This book includes eleven seminal essays by one of America’s leading authorities on modern Chinese history with an illuminating preface by Prof. Elizabeth Perry of Harvard University. it covers a range of topics from the impact of imperialism to the 1989 protests that led to the Tiananmen massacre. Chapters include an explanation of how China expanded its borders far beyond the Han Chinese heartland and maintained those borders in the transition from empire to nation; how Sun Yat-sen unexpectedly emerged as the Father of the Country; and how a series of unexpected and contingent events brought the empire down in 1911.
Despite conventional representations of a static and unified China, this book proves Chinese society to be diverse and constantly changing—especially after the Communist revolution which was a transformative event in modern Chinese history. Esherick denounces traditional imagery of cultural uniformity, which derives from excessive attention to the unitary state, through chapters that explore the impact of the 1937-45 War of Resistance against Japan, the dramatic wartime transformation of Chinese society in both Communist and Nationalist (Guomindang) areas, and the nature of the new Communist regime in Northwest China.
In his book, Esherick examines both the Marxist-Leninist theory behind Mao’s notion of the “restoration of capitalism,” against which he waged the Cultural Revolution of the 1960s, and the political theater of the 1989 protest movement. Throughout the book the contingency of history, the need for careful empirical research, and the important yet limited role of history is highlighted as the key to understanding the present or predicting the future of China.
Joseph W. Esherick is professor emeritus of modern Chinese history at the University of California, San Diego. He is the holder of the Hwei-chih and Julia Hsiu Chair in Chinese Studies. His books include Modern China: The Story of a Revolution, co-authored with Orville Schell; Lost Chance in China: The World War II Despatches of John S. Service; Reform and Revolution in China: The 1911 Revolution in Hunan and Hubei; and The Origins of the Boxer Uprising. His awards include the John K. Fairbank Prize from the American Historical Association, the Joseph Levenson Book Prize from the Association for Asian Studies, and the 1989 Berkeley Prize from the University of California Press.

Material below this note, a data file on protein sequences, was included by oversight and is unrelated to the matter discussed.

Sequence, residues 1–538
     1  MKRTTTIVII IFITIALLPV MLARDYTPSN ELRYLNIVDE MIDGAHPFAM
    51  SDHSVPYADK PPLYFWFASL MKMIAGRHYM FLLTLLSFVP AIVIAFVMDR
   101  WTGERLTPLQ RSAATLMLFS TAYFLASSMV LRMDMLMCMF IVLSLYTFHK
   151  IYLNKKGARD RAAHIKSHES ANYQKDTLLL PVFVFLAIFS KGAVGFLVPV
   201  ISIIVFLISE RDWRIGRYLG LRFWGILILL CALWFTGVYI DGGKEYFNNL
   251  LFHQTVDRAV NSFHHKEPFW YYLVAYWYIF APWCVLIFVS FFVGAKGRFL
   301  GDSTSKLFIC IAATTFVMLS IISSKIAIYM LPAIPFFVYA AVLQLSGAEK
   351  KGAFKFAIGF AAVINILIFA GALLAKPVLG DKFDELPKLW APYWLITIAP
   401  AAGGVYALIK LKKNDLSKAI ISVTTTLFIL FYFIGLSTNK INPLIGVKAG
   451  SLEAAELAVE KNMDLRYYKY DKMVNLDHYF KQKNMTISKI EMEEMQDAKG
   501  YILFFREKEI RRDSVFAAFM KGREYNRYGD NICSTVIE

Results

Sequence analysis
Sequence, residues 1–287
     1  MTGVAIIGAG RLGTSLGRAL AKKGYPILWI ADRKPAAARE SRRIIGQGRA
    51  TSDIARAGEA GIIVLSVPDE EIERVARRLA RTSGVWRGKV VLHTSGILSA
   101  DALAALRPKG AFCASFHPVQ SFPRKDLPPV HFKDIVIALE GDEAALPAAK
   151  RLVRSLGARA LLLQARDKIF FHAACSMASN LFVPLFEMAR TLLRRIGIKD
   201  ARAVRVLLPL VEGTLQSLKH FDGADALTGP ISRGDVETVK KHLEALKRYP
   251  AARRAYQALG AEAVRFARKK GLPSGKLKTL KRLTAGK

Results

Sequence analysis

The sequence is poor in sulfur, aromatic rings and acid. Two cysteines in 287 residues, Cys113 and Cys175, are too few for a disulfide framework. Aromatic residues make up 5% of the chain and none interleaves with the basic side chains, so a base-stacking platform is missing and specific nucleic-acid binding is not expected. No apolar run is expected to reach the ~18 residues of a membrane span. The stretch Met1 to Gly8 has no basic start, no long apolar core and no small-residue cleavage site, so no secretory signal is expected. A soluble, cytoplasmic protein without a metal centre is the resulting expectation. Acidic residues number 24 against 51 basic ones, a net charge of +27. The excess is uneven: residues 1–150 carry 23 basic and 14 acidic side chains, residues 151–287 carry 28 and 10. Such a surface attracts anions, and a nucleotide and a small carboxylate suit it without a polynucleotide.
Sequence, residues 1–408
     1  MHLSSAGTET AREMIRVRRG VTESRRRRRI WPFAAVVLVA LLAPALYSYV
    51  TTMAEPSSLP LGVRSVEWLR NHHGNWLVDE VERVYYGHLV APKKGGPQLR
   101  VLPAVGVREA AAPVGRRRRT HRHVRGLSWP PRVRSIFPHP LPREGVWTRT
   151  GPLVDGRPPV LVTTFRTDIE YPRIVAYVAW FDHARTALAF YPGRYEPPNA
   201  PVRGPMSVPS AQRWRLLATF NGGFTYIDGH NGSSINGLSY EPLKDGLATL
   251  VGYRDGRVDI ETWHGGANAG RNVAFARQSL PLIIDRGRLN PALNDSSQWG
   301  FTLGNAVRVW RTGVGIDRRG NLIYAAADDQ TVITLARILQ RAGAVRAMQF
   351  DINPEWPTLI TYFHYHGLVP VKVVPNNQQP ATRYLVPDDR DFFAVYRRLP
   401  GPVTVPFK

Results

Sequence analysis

This collection of essays are as powerful today as when first published. Esherick offersf careful research addressing key questions in our understanding of China’s revolution and modern Chinese history. A model for students and researchers, these fine essays demonstrate the contribution of interdisciplinary methods to our understanding of modern China.
China in Revolution is a masterful achievement. Not only does it closely examine the most controversial issues in modern Chinese history, it also highlights the many ways in which scholars have hotly debated that history. Esherick’s fascinating arguments rest on two compelling and dynamic assertions: nothing that happened in the tumultuous history of modern China was inevitable, and unexpected twists and turns have been and continue to be the norm.
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